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Timeclocks: How to Choose the Right One for You

Which timeclock is Right for You?
Credit: SabOlga/Shutterstock

Each year, U.S. employers lose $11 billion to time theft. Much of this comes from employees stealing a few minutes each day, which can be prevented with a detailed time and attendance system.

Tracking employee time and attendance is often an overlooked business process. While it's not glamorous, it's important to keep track of when your employees are working. Your business wants to ensure maximum productivity, which means you want to prevent employees from lying about their attendance. In addition to a suitable time and attendance system for your needs, it's important to find the right timeclock for your business.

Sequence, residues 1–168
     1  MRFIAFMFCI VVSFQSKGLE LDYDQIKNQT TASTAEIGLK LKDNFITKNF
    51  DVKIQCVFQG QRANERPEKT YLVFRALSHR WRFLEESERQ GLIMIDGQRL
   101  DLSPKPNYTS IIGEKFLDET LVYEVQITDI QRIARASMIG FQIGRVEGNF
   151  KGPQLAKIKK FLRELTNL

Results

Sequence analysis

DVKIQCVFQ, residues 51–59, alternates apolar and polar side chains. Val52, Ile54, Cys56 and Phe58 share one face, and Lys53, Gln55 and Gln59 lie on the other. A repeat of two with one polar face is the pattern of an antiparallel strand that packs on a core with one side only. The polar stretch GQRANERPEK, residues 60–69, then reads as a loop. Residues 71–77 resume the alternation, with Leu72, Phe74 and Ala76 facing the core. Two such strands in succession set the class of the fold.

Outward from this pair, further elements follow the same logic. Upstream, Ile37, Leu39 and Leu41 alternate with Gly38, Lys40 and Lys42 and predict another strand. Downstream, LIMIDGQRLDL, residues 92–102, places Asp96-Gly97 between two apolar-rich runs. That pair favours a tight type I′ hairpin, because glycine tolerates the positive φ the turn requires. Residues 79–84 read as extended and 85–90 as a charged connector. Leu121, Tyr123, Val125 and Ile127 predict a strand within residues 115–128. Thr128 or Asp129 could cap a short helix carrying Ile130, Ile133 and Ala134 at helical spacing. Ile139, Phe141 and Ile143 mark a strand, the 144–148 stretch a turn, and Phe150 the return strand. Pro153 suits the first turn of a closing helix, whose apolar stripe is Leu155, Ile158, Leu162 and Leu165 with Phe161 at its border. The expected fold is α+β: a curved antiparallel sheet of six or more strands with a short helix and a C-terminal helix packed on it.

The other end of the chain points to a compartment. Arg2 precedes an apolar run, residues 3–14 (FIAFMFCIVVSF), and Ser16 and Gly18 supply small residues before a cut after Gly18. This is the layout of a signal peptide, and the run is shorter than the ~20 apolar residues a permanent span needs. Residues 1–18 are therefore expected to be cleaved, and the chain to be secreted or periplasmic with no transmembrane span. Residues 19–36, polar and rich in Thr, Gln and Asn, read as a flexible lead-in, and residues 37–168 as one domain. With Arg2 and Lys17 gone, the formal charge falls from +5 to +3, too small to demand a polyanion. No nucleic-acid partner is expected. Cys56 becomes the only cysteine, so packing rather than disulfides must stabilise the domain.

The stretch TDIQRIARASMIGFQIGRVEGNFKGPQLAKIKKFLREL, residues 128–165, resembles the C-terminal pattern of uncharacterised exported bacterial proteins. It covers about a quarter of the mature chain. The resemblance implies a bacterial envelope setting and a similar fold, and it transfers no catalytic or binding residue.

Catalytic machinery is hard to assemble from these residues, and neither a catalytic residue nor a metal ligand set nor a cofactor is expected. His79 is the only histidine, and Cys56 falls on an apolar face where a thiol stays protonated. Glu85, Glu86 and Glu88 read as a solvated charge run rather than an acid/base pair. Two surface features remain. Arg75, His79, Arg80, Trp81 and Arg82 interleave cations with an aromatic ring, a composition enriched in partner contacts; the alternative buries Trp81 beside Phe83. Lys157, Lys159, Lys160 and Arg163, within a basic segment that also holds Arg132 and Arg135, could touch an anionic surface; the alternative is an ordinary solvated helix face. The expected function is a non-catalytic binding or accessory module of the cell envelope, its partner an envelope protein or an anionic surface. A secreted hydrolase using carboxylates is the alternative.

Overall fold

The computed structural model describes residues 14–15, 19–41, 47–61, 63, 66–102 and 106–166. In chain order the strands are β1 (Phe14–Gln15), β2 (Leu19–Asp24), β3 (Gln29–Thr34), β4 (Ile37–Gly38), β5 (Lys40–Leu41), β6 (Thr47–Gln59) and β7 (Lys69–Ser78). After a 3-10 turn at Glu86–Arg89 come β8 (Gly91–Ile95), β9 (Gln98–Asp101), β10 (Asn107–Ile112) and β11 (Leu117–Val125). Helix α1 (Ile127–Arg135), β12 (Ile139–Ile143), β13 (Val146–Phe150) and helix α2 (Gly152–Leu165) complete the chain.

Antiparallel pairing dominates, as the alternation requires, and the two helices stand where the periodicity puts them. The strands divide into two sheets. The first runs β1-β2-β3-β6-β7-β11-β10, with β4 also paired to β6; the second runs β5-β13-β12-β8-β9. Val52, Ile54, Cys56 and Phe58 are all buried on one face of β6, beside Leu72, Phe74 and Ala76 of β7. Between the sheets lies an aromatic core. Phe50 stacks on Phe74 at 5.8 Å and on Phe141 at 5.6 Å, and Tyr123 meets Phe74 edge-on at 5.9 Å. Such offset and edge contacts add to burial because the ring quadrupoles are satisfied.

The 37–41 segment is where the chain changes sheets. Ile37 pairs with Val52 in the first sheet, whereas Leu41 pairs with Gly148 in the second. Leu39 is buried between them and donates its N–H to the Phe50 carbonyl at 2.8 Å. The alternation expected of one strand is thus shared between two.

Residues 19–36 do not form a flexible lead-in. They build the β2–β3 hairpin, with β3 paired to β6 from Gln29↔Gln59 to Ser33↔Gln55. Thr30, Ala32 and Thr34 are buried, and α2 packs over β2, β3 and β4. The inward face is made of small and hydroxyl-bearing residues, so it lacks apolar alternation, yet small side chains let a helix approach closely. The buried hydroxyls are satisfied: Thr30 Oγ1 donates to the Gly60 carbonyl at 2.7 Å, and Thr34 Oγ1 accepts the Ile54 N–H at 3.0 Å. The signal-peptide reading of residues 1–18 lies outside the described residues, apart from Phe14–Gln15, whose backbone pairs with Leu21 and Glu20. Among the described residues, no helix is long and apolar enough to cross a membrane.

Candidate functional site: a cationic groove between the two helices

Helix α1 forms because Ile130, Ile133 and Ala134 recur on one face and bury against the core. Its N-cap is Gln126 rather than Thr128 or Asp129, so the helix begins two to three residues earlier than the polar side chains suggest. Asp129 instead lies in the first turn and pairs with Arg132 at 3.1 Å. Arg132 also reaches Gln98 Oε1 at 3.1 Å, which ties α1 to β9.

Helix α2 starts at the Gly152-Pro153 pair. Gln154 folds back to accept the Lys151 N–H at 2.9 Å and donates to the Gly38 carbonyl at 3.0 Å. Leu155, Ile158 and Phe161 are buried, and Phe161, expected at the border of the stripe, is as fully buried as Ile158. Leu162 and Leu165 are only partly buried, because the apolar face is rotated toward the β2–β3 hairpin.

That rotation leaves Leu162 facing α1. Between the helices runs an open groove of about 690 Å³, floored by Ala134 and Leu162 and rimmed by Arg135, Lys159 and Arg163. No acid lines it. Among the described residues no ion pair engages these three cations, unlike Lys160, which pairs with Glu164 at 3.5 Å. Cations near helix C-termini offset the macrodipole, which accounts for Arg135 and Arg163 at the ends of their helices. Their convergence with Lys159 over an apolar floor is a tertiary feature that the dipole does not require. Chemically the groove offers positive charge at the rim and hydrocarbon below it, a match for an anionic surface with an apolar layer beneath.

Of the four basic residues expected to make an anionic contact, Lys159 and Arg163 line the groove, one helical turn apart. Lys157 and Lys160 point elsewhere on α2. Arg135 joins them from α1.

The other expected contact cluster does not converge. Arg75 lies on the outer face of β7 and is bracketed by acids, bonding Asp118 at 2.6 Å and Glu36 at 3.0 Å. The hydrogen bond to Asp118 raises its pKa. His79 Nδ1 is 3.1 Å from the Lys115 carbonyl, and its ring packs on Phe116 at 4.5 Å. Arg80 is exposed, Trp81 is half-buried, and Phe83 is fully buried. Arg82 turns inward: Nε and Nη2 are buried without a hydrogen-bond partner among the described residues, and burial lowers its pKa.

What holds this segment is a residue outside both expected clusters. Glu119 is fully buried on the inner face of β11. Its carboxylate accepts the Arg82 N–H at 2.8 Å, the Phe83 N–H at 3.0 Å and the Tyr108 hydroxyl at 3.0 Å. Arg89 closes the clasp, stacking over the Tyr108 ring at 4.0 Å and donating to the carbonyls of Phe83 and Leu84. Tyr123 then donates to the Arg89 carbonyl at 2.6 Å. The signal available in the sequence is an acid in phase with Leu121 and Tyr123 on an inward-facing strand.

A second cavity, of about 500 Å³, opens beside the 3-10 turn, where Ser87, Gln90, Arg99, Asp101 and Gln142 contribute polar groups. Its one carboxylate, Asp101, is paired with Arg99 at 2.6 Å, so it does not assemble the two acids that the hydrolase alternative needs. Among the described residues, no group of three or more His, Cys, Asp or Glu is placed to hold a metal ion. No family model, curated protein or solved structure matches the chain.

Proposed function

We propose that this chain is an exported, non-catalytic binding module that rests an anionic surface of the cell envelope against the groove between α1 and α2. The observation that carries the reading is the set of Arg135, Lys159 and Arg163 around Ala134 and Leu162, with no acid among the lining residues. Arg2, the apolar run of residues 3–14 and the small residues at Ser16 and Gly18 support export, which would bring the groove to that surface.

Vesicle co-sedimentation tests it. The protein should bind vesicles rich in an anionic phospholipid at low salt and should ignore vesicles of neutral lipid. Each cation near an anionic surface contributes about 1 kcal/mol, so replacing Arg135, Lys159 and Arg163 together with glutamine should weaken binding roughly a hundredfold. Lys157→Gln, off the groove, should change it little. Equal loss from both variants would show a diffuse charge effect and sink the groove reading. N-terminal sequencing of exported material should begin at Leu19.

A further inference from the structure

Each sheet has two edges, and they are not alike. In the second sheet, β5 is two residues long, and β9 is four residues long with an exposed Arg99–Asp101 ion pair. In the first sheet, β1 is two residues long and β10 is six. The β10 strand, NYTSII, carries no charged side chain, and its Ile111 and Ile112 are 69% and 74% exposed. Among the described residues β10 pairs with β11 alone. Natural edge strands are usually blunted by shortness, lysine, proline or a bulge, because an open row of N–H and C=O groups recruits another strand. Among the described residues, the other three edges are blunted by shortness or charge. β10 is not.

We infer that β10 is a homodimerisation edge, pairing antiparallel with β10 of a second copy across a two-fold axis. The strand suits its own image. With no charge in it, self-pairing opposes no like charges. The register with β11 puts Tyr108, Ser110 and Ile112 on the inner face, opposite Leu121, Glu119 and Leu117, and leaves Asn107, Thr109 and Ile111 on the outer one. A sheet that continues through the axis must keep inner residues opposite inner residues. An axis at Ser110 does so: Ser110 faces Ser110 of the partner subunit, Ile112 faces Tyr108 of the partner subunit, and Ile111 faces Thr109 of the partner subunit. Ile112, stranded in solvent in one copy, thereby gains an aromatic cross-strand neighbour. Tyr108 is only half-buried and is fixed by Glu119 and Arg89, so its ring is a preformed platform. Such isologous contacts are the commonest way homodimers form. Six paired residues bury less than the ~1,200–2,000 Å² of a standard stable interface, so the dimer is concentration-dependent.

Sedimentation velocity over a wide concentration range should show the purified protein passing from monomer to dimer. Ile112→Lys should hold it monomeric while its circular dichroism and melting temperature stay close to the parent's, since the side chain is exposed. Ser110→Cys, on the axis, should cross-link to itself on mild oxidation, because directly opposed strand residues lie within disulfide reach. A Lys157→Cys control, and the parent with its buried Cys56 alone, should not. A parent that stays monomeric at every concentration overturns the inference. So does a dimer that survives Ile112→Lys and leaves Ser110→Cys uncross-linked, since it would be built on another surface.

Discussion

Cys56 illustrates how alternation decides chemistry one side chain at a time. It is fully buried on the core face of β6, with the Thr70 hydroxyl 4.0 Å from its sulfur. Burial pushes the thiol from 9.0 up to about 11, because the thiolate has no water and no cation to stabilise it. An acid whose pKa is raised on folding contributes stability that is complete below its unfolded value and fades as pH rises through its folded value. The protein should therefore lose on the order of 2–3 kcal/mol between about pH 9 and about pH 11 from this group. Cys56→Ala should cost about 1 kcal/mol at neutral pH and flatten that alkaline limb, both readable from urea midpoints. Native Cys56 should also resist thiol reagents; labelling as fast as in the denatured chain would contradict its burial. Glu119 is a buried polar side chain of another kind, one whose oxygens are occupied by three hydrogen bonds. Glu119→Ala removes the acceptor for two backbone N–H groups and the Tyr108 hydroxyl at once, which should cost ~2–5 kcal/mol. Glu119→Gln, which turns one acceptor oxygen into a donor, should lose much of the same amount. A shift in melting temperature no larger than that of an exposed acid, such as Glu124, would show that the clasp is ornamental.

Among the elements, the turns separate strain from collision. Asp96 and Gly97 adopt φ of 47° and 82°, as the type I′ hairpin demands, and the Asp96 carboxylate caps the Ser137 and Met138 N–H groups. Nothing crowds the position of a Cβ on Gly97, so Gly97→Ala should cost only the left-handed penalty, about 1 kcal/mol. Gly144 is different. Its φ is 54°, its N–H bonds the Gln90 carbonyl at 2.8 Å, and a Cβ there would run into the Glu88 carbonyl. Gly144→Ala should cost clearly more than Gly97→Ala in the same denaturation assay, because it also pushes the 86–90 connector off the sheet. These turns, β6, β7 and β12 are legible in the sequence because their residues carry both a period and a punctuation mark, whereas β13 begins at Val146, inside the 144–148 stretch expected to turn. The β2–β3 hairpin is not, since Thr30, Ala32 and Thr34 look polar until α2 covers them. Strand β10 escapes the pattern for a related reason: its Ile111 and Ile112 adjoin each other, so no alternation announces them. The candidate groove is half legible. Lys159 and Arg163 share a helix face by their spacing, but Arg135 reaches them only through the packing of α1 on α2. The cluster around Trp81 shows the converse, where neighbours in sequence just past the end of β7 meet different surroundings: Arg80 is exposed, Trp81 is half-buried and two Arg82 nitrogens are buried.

As the number of available time and attendance solutions grows yearly, there's no shortage of timeclock options for your business. You can select either a stand-alone timeclock or a time and attendance system that includes timeclock features. It depends largely on your business and what you feel makes the most sense for monitoring your employees.

Editor's note: Interested in a time and attendance system for your business? Fill out the below questionnaire to be connected with vendors who can help.

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Selecting the right timeclock to prevent time theft also depends on the level of trust you have in your employees. Some businesses might not care if employees clock out at 4:55 each day and put 5 p.m. on the timesheet. Other businesses might cherish those five minutes of productivity each day. For those that want a general overview of when employees work, there are many simple timeclock solutions to ensure employees are working near their expected hours per week. For companies with stricter policies, more precise options like biometric timeclocks might be best.